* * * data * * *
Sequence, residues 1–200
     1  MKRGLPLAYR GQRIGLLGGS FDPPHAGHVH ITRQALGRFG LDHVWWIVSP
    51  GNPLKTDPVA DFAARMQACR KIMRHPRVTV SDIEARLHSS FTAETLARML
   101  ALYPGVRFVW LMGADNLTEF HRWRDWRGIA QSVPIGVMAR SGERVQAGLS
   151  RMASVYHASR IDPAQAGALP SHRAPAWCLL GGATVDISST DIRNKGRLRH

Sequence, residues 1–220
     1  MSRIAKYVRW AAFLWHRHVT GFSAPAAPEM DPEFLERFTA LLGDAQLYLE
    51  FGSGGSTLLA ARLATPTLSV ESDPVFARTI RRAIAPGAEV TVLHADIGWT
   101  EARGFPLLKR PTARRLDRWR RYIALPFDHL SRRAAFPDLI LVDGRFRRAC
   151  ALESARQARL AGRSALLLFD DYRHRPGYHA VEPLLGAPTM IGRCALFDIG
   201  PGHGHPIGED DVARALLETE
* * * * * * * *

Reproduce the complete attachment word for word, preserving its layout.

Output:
Sequence, residues 1–200
     1  MKRGLPLAYR GQRIGLLGGS FDPPHAGHVH ITRQALGRFG LDHVWWIVSP
    51  GNPLKTDPVA DFAARMQACR KIMRHPRVTV SDIEARLHSS FTAETLARML
   101  ALYPGVRFVW LMGADNLTEF HRWRDWRGIA QSVPIGVMAR SGERVQAGLS
   151  RMASVYHASR IDPAQAGALP SHRAPAWCLL GGATVDISST DIRNKGRLRH

Sequence, residues 1–220
     1  MSRIAKYVRW AAFLWHRHVT GFSAPAAPEM DPEFLERFTA LLGDAQLYLE
    51  FGSGGSTLLA ARLATPTLSV ESDPVFARTI RRAIAPGAEV TVLHADIGWT
   101  EARGFPLLKR PTARRLDRWR RYIALPFDHL SRRAAFPDLI LVDGRFRRAC
   151  ALESARQARL AGRSALLLFD DYRHRPGYHA VEPLLGAPTM IGRCALFDIG
   201  PGHGHPIGED DVARALLETE